Your meta description should:
As with page titles, different processes apply depending on whether you want to edit your home page meta description or the description for any other page.
To edit your home page's meta description, you'll need to click Sales Channels > Online Store > Preferences and use the box provided on the right of the screen to add or change it.
To edit a meta description for other types of pages, you just need to locate your page, post or product and then click the ‘Edit website SEO’ link.
Search engine algorithms don’t just look at the words on your website when indexing your site; they factor in your images too.
To do this, they look at two bits of data associated with your pictures: ‘alt text’ and file names. Accordingly, you need to ensure both are up to scratch from and SEO perspective.
There are three main reasons why you should add alternative text (‘alt text’) to your images:
You should aim to add alt text that works for both screen readers and search engines - a description that that contains your focus keyword but is still perfectly understandable to anybody who is using a screen reader to access your content.
For images on pages or posts, you just locate the relevant picture and double click on it. You’ll then see a box appear which allows you to edit various aspects of the image, including alt text.
For product images, you simply locate the relevant picture, hover over it and then click the word ‘ALT.’
Click the 'ALT' icon to change the alternative text for a Shopify product
You’ll then see a box appear which gives you the option to edit your alt text.
Changing file names is actually not very straightforward in Shopify - so it is better to get your file names right before you upload them to the platform. This essentially means ensuring your focus keyword is in the file name, and that the file name is short.
For example, if you are selling rose gold watches in your Shopify store, ensure that the image you upload is called ‘rose-gold-watch.jpg’ instead of something indecipherable like ‘IMG379A-2.jpg’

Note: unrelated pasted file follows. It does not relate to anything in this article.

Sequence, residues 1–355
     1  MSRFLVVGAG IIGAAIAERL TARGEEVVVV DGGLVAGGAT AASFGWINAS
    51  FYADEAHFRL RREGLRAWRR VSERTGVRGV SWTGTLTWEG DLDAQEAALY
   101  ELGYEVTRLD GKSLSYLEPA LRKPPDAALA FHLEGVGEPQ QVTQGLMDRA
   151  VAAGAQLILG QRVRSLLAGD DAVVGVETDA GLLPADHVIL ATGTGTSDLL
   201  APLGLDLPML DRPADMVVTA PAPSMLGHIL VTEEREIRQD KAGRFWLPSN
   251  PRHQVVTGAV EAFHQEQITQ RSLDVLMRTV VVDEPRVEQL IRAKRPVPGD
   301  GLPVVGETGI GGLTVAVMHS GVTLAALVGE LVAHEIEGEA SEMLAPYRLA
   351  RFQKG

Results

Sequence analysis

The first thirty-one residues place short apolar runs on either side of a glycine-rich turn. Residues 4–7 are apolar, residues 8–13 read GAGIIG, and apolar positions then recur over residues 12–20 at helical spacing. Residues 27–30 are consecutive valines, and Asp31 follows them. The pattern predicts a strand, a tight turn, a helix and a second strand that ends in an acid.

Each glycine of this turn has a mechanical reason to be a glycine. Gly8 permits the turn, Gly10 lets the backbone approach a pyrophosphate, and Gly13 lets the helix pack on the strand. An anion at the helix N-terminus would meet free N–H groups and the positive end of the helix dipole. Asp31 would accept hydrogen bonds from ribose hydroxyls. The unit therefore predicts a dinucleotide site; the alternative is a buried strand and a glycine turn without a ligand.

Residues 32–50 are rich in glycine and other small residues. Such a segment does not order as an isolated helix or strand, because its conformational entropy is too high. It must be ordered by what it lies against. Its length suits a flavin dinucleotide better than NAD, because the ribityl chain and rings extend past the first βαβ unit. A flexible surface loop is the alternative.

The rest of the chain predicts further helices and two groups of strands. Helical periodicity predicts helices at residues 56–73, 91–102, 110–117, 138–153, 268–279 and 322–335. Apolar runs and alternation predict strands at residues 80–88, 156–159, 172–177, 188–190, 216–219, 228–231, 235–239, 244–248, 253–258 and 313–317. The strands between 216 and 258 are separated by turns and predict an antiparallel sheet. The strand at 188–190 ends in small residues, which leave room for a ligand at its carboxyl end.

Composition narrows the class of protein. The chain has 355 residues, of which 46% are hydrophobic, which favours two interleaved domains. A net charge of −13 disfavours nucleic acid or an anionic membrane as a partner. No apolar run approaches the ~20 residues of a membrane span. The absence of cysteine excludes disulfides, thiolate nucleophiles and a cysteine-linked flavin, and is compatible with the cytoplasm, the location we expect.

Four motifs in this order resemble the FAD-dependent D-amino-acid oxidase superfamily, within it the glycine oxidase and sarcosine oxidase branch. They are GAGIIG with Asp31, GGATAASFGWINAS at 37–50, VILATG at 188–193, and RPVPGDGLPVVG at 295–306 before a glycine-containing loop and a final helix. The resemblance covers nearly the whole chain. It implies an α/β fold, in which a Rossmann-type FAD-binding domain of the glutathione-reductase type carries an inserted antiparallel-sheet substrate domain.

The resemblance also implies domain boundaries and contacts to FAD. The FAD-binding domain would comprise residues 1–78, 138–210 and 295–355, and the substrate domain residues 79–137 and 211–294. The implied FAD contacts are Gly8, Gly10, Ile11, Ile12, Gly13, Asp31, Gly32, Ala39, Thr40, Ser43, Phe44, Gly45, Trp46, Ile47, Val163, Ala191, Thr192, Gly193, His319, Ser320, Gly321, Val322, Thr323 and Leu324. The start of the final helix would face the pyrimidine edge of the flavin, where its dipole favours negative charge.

If you do have to change an image file name after you’ve uploaded it to Shopify, then it’s unfortunately going to require you delete your existing image and replace it with a re-uploaded version that contains your focus keywords in its file name.
Using ‘clean’ URLs with a simple structure is encouraged by Google. Clean URLs are short, simple and intelligible: as an example, if you were selling hooded blankets, it would be advisable to use a URL of www.yourdomain.com/hooded-blankets rather than www.yourdomain.com/products/p101.php?ref=375hdblkt
Fortunately, with Shopify, you're not going to end up with long-winded URLs like the latter example, but unfortunately the platform does generate URLs in a way that is slightly less clean than we prefer.
This is because the platform adds prefixes to your pages and products, i.e.,
This isn’t ideal from an SEO perspective, but it’s not going to stop you ranking highly in search results, as there are many other ranking signals which will take priority over this.
What I would say is that you should still aim to ensure that whatever comes after the above prefixes is as ‘clean’ as possible and includes a focus keyword. The focus keyword helps both search engines and humans understand what your content is about.
To edit a page URL in Shopify, go to the page, product or post you wish to edit, scroll down to the bottom of it and then click 'Edit Website SEO.' Then, make your changes in the 'URL and handle' box (see screenshot below). If you DO change a Shopify URL, make sure that you tick the 'create URL redirect' option. This lets Google knows that you have changed the URL.
Changing URLs in Shopify for SEO purposes - if you do make a change, don't forget to tick the 'create URL redirect' box!
Note: changing URLs of pages that aren't currently performing in search results is usually a good idea - but if you are contemplating changing a page that IS already ranking highly, you should tread carefully.
This is because a high-ranking page is likely to have a lot of backlinks to it, and these don't count for quite as much if you change its URL (and won't count for anything at all if you don't create a redirect from your old URL to the new one).
Changing a URL can also affect the 'social proof' of a page because it will reset the stats displayed on your social shares counter for that page to zero.
So in an ideal world, it's good to get the URL structure right at the point at which you create your Shopify page or product, or shortly afterward.
And if you do end up changing a page URL on your Shopify store, always check that 'Create a URL redirect' box!